A tiny seahorse craddling a pink cotton bud in murky water. This image captured by American nature photographer Justin Hofman last year when he was out snorkeling off the coast of the Indonesian island of Sumbawa , which was filled with sewage sludge as the tide started to come in.
“The tide came and the garbage got into the ocean,” says Hoffman, 33. – The seahorse first seized algae, then a long, wispy piece of clear plastic, and then as a brisk wind at the surface picked up, making conditions bumpier, the seahorse took advantage of something that offered a more stable raft: a plastic cotton swab , waves splashed into Justin’s snorkel. The next day, he fell ill.
Sea horses often cling to various natural objects in the ocean, for example, to plants or corals. But since people throw plastic into the water, skates, “hugging” plastic garbage, can become a new norm.
“If you look at the picture, there are actually some white blobs in the background. And those white blobs are actually plastic bags,” Hofman says. “There was a lot of trash. It was actually disgusting. The water started to smell.”
“I spend a lot of time underwater all over the world, and I see trash and debris and human waste all over the place.”
This photo titled Sewage Surfer has placed the spotlight on ocean pollution after it went viral this past week, and now made him a finalist in the Wildlife Photographer of the Year competition from the Natural History Museum in London.
It’s a photo that I wish didn’t exist but now that it does I want everyone to see it. What started as an opportunity to photograph a cute little sea horse turned into one of frustration and sadness as the incoming tide brought with it countless pieces of trash and sewage. This sea horse drifts long with the trash day in and day out as it rides the currents that flow along the Indonesian archipelago. This photo serves as an allegory for the current and future state of our oceans. What sort of future are we creating? How can your actions shape our planet? . thanks to @eyosexpeditions for getting me there and to @nhm_wpy and @sea_legacy for getting this photo in front of as many eyes as possible. Go to @sea_legacy to see how you can make a difference. . #plastic #seahorse #wpy53 #wildlifephotography #conservation @nhm_wpy @noaadebris #switchthestick
Indonesia has the world’s highest levels of marine biodiversity but is second only to China as a contributor to marine plastic debris, dumping 3.22 million tonnes of plastic debris per year, according the data published in 2015 by journal Environmental Health Perspectives.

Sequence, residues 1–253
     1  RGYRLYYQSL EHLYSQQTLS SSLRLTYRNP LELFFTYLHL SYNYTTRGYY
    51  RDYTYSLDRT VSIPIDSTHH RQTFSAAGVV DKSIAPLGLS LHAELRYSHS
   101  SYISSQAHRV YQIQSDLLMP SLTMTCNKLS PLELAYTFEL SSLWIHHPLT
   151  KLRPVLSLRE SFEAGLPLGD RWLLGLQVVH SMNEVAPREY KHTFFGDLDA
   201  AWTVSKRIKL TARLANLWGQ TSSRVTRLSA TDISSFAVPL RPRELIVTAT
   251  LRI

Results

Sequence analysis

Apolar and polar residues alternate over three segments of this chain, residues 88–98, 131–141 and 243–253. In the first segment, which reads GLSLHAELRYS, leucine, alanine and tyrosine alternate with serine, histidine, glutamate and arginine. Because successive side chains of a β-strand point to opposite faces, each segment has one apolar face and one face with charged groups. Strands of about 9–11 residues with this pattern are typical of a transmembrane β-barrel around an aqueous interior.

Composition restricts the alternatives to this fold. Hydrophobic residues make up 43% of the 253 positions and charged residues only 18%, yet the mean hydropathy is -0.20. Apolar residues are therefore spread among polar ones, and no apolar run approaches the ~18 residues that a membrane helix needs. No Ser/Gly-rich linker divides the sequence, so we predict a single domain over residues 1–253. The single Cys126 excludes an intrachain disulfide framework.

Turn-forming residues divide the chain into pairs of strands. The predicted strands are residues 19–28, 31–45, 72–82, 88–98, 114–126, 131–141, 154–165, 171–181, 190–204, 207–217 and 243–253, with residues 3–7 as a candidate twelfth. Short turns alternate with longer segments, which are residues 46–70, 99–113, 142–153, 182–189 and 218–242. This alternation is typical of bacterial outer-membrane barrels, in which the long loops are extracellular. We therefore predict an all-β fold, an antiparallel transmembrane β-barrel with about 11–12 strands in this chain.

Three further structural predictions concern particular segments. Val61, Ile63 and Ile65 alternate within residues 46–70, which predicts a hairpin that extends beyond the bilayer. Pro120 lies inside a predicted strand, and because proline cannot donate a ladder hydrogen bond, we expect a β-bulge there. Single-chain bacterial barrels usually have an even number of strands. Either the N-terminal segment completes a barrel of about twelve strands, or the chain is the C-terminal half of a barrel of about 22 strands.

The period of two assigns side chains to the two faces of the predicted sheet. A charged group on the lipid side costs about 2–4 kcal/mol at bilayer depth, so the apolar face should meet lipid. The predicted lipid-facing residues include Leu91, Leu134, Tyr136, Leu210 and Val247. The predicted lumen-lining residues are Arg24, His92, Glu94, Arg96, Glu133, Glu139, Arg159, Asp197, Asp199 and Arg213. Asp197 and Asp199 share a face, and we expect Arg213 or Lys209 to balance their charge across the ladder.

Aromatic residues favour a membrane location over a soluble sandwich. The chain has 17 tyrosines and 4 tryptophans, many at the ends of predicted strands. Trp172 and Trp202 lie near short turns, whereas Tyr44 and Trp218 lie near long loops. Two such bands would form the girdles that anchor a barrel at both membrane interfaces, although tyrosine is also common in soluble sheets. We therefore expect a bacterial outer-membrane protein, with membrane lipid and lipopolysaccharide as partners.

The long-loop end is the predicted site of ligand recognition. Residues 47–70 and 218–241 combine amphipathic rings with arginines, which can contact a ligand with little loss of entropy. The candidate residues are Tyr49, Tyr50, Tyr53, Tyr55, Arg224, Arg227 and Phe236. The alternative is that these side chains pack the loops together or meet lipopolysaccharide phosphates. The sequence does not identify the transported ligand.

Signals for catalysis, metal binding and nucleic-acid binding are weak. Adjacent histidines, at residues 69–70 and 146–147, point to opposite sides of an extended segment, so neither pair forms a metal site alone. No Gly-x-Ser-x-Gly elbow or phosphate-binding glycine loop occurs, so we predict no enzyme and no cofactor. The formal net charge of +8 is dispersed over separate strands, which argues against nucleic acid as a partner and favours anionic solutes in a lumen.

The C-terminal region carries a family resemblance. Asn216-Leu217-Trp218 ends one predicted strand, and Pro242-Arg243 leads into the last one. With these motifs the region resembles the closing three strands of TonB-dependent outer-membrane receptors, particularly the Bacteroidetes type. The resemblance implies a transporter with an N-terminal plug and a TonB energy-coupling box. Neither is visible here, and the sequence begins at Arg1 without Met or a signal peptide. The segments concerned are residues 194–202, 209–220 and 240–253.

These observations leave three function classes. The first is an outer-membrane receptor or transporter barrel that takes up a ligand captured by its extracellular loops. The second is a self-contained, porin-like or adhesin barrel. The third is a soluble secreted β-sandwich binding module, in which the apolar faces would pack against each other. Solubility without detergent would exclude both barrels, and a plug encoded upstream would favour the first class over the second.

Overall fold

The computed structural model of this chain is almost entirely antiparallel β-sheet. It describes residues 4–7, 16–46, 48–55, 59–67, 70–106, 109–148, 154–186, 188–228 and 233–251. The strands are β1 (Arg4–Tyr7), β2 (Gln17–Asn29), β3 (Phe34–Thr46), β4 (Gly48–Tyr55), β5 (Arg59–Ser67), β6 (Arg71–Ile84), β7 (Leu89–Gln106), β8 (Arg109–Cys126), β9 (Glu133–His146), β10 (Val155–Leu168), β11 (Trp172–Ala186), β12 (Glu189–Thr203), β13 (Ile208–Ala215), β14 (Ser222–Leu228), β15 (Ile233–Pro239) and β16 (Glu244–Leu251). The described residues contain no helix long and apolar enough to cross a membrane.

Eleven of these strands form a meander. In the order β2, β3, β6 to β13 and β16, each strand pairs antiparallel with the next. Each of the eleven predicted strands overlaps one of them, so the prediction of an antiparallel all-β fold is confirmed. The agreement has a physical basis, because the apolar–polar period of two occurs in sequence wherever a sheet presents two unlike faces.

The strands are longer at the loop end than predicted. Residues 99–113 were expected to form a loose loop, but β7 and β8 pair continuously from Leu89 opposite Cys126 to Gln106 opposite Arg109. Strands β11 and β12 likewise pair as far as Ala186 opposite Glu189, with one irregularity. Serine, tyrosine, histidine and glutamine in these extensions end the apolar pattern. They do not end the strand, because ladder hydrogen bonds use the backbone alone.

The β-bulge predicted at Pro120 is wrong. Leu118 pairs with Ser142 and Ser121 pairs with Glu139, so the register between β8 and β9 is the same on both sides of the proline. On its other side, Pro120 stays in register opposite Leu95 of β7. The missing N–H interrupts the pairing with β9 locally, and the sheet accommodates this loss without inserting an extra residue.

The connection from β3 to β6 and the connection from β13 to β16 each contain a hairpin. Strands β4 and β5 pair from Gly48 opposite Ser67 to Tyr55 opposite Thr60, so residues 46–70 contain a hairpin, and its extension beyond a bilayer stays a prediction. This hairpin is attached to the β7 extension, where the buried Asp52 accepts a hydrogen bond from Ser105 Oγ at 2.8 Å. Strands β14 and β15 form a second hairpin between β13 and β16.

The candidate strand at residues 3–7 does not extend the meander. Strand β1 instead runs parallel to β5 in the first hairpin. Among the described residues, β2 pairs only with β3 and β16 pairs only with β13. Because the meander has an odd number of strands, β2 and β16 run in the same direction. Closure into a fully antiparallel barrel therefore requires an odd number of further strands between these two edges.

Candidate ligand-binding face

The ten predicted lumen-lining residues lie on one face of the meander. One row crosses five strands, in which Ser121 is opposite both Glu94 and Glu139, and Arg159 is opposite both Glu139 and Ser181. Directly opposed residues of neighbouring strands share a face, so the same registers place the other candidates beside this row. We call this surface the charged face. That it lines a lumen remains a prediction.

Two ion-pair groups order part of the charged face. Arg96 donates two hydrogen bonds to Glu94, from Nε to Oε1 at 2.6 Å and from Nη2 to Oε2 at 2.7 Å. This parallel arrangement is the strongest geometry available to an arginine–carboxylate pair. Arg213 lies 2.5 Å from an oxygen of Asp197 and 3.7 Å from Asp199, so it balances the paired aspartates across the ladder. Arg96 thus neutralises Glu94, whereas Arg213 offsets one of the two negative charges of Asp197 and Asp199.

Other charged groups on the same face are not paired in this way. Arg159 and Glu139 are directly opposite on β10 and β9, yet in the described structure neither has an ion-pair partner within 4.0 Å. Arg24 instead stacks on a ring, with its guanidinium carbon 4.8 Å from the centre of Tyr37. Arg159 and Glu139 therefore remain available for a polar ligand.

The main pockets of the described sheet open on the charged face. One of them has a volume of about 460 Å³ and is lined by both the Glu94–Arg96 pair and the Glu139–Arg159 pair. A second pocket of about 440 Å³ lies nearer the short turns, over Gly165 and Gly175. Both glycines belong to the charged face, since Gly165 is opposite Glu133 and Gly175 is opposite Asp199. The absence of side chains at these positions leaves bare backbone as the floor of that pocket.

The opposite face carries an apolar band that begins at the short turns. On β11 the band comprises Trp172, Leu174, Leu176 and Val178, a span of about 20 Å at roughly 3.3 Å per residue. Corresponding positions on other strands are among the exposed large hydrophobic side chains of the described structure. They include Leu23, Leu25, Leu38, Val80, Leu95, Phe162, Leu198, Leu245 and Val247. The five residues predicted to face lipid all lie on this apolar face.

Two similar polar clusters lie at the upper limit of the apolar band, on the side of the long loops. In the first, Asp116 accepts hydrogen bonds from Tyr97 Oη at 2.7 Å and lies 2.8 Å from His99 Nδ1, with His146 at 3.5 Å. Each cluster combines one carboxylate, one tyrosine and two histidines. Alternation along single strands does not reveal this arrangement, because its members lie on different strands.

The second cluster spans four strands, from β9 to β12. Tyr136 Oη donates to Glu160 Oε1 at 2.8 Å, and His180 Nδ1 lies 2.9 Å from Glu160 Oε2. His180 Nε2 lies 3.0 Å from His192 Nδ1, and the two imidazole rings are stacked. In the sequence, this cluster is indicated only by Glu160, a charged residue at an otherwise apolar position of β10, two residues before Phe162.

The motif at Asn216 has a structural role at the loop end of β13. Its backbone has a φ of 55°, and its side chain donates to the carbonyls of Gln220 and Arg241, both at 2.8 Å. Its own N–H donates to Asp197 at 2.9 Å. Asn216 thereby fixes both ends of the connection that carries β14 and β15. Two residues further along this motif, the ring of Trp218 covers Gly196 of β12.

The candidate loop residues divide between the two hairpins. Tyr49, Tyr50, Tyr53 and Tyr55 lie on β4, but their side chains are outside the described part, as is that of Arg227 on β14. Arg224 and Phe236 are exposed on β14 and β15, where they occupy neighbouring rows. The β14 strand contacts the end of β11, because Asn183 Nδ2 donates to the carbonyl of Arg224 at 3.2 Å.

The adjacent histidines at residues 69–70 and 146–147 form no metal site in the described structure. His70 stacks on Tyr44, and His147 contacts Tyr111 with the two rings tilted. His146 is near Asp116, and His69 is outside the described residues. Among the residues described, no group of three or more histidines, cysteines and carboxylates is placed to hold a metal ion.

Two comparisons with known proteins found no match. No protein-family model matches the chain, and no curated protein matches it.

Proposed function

Earlier this year, the Indonesian government allocated up to $ 1 billion to cleanse the oceans. But the problem is urgent not only in Indonesia. Hoffmann travels the world, showing people rare, vanishing creatures with the hope that this will help preserve the wildlife.
“I was in the Arctic a couple of weeks ago, and we watched as a polar bear dug in the garbage and ate plastic. It tore our heart, “he says.
“I saw fishing with dynamite, catching sharks, starving polar bears, whales caught in the net … a lot of things that are being depressed. Sometimes I feel like I’m carrying this load on me, “he added.
“We are really affecting our oceans with our negligence and our ignorance,” he said.
And not only that , the photo also remind us that seahorse can extinct in 30 years, the water pollution is one of the main reasons why the seahorse habitat has continued to be in trouble.
With the volume of commercial fishing for them as well as hunting for medicinal purposes there are millions of them removed from the wild annually.
Approximately 50% of the population of seahorses in the world declined from 1990 to 1995. This was the period of time though when so many did realize that the various species out there were in serious danger.
It looks like the prediction of Dame Ellen MacArthur , a record-breaking english sailor come closer to the reality
She warn us that there will be more waste plastic in the sea than fish by 2050, unless the industry cleans up its act.
According to a new Ellen MacArthur Foundation report launched at the World Economic Forum, new plastics will consume 20% of all oil production within 35 years, up from an estimated 5% today.
Plastics production has increased twentyfold since 1964, reaching 311m tonnes in 2014, the report says. It is expected to double again in the next 20 years and almost quadruple by 2050.
Despite the growing demand, just 5% of plastics are recycled effectively, while 40% end up in landfill and a third in fragile ecosystems such as the world’s oceans.